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Financial Implosion: 2nd Chance for Progressive Banking Reform?

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When present and former public officials ranging from Treasury Secretary Henry Paulson to Lawrence H. Summers, the former Treasury secretary under President Clinton, started calling for the creation of a new agency that would buy the almost worthless assets from staggering financial companies, my first thought was great. As Barney Frank, Democrat of Massachusetts, who heads the House Financial Services Committee, said this week, the question of a broader more systemic action in which the government tries to help resolve these things is very important.

When I realized these leaders would model a new agency along the lines of the Resolution Trust Corporation, all I could think of was Charles Keating, the Savings & Loan bailout, and the response by progressives to that bailout, and I shuddered. What should we do?

Keating—head of the Lincoln Savings & Loan, which in the words of Frank Rich in today’s New York Times, “went belly up because of risky, unregulated investments”—became the poster boy of the S & L bailout of the 1980s. He started his public career in the late 1950s, founding the Cincinnati anti-pornography organization Citizens for Decent Literature. A greedy man, he was determined to make his mark in the banking business. As the head of Lincoln Savings of Irvine, Calif., he made millions through nepotism, buying politicians, and speculating with bank deposits.

Keating took advantage of the federal government’s rush to deregulate banks. It eased federal restrictions on the S&Ls, corrupting the federal rules originally created to provide homeownership to families with modest means.

Congress changed the rules by lifting the lid on interest rates. This gave S&Ls, whose deposits were insured up to $100,000, a green light to engage in real-estate speculation. Soon we had bankers, exemplified by Keating, leading the country into a massive abuse and misuse of deposits for quick profits.

These risky investments might go belly-up, but the S&L executives knew that, should their companies fail, their depositors would be protected by federal insurance. The S&Ls executives, paid themselves excessive salaries, and engaged in high-stakes investments—from shopping malls to golf courses to luxury condo projects. And all, they thought, without any risk to depositors—a shell game protected by federal insurance.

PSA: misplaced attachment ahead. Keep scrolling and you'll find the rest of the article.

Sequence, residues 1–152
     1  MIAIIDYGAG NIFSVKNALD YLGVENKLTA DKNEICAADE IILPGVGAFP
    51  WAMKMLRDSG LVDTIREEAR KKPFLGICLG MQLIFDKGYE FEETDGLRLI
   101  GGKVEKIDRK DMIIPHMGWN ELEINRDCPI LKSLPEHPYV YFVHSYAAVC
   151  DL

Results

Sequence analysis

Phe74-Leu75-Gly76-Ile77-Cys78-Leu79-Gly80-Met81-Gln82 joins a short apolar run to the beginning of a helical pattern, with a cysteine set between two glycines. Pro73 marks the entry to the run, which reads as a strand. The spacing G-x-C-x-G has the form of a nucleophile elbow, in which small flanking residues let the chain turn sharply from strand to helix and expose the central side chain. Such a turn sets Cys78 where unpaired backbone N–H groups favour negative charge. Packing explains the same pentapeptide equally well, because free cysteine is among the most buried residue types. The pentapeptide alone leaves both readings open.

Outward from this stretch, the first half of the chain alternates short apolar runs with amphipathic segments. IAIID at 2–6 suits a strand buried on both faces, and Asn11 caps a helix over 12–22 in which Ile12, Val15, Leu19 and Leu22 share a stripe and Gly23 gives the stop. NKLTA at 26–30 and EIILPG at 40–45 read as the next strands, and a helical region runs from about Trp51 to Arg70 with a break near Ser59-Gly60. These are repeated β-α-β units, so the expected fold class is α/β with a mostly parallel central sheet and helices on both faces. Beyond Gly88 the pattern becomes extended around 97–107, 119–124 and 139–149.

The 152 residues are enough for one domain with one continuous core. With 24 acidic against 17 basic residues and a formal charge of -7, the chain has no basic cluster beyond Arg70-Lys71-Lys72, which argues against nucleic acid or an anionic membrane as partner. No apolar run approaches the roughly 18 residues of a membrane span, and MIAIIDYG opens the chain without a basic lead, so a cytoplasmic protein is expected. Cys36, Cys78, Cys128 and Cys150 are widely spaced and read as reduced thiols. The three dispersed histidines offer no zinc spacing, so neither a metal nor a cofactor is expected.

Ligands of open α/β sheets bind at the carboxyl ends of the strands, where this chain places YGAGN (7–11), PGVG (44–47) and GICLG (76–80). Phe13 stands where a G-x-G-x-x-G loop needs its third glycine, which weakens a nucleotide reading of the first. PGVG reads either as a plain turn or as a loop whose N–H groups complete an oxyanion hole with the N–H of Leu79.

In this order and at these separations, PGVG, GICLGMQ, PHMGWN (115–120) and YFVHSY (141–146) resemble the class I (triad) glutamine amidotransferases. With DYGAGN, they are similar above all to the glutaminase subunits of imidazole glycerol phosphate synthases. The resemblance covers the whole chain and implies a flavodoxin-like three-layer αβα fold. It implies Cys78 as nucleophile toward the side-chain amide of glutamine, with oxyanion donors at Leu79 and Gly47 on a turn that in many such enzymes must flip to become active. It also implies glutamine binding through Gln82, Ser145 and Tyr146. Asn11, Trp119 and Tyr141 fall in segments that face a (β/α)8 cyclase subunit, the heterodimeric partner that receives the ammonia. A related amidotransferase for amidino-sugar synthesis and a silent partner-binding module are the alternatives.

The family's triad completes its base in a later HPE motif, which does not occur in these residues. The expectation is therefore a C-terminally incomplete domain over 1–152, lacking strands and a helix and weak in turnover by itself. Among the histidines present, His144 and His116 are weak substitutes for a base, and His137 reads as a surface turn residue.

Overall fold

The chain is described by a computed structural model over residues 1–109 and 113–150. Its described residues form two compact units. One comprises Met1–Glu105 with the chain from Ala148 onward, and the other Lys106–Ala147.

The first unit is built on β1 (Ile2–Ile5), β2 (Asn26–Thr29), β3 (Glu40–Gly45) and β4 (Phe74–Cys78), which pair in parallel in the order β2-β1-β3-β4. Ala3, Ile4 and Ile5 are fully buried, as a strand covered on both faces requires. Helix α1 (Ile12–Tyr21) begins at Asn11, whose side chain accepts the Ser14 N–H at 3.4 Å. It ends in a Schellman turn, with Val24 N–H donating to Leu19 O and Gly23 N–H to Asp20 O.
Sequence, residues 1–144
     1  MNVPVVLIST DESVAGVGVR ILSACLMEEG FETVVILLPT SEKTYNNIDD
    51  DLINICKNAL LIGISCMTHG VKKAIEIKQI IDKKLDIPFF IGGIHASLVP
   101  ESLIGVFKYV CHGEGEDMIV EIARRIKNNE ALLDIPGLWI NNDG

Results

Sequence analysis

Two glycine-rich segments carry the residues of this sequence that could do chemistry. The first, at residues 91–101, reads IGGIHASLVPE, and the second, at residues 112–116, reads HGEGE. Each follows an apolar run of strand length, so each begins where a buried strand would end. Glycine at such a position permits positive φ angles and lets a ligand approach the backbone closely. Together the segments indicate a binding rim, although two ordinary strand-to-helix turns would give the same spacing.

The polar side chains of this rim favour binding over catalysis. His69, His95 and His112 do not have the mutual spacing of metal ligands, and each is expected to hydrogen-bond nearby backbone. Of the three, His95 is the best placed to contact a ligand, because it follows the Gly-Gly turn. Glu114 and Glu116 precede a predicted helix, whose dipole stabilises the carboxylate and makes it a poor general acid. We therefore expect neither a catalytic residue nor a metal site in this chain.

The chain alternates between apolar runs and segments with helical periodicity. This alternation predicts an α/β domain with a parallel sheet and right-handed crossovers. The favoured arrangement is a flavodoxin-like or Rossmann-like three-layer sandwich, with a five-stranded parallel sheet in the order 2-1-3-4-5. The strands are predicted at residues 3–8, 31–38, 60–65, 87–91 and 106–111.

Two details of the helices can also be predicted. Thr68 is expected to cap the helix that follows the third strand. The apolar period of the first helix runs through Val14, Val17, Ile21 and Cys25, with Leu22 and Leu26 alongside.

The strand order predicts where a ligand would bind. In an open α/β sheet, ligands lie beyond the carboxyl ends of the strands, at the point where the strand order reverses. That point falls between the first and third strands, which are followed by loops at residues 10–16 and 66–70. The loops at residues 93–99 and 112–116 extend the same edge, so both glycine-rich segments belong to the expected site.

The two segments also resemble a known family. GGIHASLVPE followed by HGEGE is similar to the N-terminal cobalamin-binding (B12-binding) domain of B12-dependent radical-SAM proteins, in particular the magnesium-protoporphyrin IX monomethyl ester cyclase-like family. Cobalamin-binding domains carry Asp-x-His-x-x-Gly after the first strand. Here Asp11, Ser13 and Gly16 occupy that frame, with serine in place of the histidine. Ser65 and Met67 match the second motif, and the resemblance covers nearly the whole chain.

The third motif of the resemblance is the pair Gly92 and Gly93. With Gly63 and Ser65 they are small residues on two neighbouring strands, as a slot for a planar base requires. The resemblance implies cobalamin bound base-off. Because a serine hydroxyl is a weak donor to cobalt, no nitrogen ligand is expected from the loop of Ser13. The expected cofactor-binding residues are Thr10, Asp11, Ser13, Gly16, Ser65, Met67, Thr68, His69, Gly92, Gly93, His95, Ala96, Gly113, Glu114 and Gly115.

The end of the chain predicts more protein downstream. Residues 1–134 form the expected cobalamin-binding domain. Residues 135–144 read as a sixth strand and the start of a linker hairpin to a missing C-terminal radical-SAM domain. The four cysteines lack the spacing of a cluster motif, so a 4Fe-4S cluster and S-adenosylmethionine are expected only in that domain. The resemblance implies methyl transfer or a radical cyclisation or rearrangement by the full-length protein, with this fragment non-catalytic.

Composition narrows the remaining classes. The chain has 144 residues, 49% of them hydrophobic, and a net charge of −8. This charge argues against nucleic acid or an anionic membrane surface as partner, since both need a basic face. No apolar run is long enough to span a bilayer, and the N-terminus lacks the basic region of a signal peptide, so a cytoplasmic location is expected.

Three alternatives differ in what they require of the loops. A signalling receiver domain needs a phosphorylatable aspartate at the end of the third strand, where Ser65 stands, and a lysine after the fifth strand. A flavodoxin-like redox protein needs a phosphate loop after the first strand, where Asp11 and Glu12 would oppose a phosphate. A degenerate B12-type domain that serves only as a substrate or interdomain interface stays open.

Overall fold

Because both the Democrats and Republicans in Congress had close ties with the S&Ls—including campaign contributions from S&L executives—neither party was interested making the corruption scandal a public issue. But by 1989, the magnitude of the financial crisis—the large number of S&Ls threatened with bankruptcy—couldnt be hidden. Leaders in Congress and President George H.W. Bush abruptly announced that the taxpayers must bail out a broke industry.

Because of Keating, more than 21,000 mostly elderly investors lost their life savings, in total about $285 million. His attempts to escape regulatory sanctions led to the Keating Five political scandal, in which five U.S. senators, including Republican John McCain of Arizona, were implicated in an influence-peddling scheme to assist Keating. Great law firms, accounting firms, and investment bankers were also implicated in the scandal.

The bankruptcies, foreclosures, and massive investment losses by the S&Ls and the price taxpayers paid would soon become, as William Greider put it, a grotesque case study of how representative democracy has been deformed.

To solve the crisis, Congress created the Resolution Trust Corporation. It would be responsible for closing or reorganizing more than 700 institutions holding assets of nearly $400 billion by seizing the assets of the nearly bankrupt savings and loans and then reselling them to recoup the taxpayers cost.